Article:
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E. Harfst, A. P. Johnstone, and S. S. Nussey


DNA encoding the N-terminal 415 residues of the human thyrotrophin receptor (predicted to code for the large extracellular region) was introduced into Chinese hamster ovary (CHO) cells using the glutamine synthetase/cytomegalovirus amplifiable expression system, and into E. coli using the pGEX-3X expression vector. Substantial quantities of insoluble fusion protein product resulted from bacterial expression; by Western blot analysis, this was shown to be reactive with anti-receptor antibodies raised against a peptide corresponding to residues 313–330. Immunoreactivity was not retained by the solubilized protein. In eukaryotic expression, several successful CHO transfectants were observed and one (ExG2) was characterized thoroughly. Using agarose-bound Concanavalin A, a glycoprotein with an M r of approximately 60 000 was detected in a detergent extract of metabolically labelled ExG2 cells, agreeing with the predicted molecular size of 45 000, plus carbohydrate. The same protein could also be detected by immunoprecipitation using the experimental anti-peptide antisera and also sera from patients with Graves' disease. The protein was immunoreactive in Western blot analyses of ExG2 cells using the experimental antisera but not the pathological sera, supporting the view that linear sequences are not sufficient for autoantibody binding. These are the first studies in which visualization of eukaryotically expressed recombinant receptor by such immunological techniques has been possible, presumably because of the higher expression of the glutamine synthetase system.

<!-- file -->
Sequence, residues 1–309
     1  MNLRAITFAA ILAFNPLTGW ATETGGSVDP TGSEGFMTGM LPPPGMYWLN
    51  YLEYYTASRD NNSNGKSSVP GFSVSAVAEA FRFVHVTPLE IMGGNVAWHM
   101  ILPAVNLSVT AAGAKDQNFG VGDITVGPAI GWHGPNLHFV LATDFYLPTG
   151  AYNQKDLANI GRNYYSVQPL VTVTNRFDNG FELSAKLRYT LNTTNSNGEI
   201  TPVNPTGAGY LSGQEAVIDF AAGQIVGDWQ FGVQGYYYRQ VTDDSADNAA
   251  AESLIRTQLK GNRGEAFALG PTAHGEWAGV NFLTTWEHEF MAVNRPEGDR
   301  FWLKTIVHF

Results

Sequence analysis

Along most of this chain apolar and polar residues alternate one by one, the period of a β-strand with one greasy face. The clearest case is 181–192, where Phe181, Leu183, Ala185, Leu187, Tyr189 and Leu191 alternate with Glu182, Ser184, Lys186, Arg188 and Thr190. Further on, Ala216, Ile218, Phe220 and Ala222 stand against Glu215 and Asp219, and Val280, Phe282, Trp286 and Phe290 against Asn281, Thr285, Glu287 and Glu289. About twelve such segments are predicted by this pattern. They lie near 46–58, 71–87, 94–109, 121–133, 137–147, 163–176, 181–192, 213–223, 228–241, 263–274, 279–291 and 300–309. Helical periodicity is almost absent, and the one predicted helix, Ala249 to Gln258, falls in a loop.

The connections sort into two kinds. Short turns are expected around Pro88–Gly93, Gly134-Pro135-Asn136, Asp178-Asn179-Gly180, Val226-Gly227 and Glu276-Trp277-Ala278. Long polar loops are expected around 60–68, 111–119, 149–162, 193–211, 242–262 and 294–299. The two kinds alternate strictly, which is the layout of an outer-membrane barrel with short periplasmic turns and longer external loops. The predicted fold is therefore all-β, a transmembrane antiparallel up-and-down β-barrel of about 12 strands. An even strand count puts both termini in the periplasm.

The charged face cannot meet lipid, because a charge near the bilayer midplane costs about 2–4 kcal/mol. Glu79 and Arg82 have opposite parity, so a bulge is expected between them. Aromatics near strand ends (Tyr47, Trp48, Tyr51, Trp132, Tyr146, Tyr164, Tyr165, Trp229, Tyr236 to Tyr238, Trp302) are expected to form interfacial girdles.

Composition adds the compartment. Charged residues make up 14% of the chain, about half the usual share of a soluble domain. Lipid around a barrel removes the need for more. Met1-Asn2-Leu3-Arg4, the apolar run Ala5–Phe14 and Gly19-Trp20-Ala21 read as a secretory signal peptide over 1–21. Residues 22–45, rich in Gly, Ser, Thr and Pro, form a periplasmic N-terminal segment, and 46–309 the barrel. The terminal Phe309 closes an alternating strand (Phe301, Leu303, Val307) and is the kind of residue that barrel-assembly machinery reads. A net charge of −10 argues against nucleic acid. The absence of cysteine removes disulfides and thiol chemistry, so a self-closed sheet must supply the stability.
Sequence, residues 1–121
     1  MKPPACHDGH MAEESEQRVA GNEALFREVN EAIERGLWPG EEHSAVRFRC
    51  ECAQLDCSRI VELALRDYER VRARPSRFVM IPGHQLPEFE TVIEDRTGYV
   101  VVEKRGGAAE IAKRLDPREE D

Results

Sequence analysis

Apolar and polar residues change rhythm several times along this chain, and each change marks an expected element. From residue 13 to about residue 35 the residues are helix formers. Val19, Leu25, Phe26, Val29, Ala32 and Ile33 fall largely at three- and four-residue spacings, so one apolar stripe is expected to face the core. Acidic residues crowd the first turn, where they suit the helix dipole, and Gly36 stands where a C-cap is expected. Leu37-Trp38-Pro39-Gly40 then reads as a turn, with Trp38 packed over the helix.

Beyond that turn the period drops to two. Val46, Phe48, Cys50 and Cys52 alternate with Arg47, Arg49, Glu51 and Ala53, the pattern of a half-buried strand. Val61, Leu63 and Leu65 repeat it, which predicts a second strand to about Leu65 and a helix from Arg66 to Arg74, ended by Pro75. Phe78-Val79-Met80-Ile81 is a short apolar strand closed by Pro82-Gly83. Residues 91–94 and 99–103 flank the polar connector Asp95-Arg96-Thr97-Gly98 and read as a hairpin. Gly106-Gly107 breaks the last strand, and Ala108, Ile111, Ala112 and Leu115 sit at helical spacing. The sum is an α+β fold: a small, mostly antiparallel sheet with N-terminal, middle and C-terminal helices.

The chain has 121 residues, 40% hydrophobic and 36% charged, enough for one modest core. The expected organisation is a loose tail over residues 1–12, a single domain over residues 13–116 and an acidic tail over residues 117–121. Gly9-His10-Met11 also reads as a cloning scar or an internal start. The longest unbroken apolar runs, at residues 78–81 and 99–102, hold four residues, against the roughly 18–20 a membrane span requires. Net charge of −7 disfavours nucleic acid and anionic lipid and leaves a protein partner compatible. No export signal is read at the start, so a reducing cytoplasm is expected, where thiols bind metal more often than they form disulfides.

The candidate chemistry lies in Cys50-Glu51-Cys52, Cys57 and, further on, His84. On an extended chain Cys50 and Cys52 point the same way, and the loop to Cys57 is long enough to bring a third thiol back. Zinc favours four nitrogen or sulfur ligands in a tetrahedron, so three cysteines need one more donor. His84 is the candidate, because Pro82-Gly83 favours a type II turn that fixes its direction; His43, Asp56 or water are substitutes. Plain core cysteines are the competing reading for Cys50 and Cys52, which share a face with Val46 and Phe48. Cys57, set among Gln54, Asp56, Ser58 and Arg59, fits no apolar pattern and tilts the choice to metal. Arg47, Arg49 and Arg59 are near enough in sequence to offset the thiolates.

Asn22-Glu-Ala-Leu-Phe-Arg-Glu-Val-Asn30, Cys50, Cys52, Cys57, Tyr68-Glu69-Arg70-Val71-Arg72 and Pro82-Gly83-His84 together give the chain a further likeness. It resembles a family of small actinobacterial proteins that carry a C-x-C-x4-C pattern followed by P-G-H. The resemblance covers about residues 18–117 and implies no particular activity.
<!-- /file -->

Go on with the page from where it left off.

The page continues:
Surprisingly, the recombinant protein was retained within the cells rather than being secreted. The recombinant protein was very effective at absorbing the adenylate cyclase-stimulating activity of the sera from patients with Graves' disease, but not that of thyrotrophin. This suggests that the large N-terminal extracellular region contains epitopes for stimulatory autoantibodies, but that high affinity thyrotrophin binding requires additional components.